Concurrence basically means “agreement,” and it is the last step some bills go through in their journey through the legislative branch before they are sent to the executive branchthe president or governorfor a final decision.
The United States Congress is a bicameral legislative body consisting of an upper house (the U.S. Senate) and a lower house (the U.S. House of Representatives). Forty-nine of our 50 states have bicameral legislatures, toothe exception is Nebraska, which has a unicameral or one-house legislature. In a bicameral system, bills must pass both the upper and lower house before they are sent on for executive action. The trick is that they must be passed by each legislative branch in identical form. The two houses typically consider bills independently of each other, often making additions and subtractions in language along the way. Therefore, by the time a bill has passed both houses, there often are differences in the versions each house has approved. These differences must ultimately be ironed out to create one bill that pleases a majority in each house. This is when concurrence is sought.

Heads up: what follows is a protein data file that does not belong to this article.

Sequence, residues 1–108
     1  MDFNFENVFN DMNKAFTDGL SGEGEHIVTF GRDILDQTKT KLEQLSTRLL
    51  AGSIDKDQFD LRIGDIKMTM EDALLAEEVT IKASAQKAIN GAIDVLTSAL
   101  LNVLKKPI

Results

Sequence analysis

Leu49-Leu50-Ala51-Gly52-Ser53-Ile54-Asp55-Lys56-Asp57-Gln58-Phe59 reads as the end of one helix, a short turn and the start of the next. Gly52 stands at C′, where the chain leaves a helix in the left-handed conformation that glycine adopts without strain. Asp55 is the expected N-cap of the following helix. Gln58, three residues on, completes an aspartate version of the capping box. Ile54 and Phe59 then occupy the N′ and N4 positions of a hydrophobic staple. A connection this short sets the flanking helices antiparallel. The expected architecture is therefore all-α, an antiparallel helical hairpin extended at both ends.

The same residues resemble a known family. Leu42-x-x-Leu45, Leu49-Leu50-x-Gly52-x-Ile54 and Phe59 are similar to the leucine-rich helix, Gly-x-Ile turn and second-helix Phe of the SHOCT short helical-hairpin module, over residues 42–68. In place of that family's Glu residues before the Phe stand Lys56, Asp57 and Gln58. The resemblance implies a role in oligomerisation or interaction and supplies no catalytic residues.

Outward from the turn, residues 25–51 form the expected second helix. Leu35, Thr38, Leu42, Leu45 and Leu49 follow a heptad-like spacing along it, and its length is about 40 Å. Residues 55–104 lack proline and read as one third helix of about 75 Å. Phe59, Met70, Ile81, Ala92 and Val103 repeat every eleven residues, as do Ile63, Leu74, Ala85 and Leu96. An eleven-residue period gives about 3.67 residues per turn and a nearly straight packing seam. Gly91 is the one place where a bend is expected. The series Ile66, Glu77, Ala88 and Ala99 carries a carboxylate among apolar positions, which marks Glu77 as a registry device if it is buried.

Let’s say a federal bill was first introduced in the Senate, which passed a version it liked before sending the bill on to the House of Representatives. The House of Representatives then also passes this bill, but not before making some changes. Although in theory the bill has passed both bodies, each passed a different form of it. In our example, the House version of the bill, being the most recent, will sometimes be sent back to the Senate for concurrence, especially if the changes are minor or if there is a rush to get it passed.
If the differences between the two versions of the bill are substantial enough that concurrence seems unlikely to workor, if concurrence is attempted, but fails (example: the Senate doesn’t like the House’s changes)legislators from both houses will be assigned by leadership to a conference committee to reconcile the differences between the two versions of the bill, which then goes back to both houses for a final vote. If the committee members are unable to come to a compromise version of the bill before the end of the legislative session, the bill dies.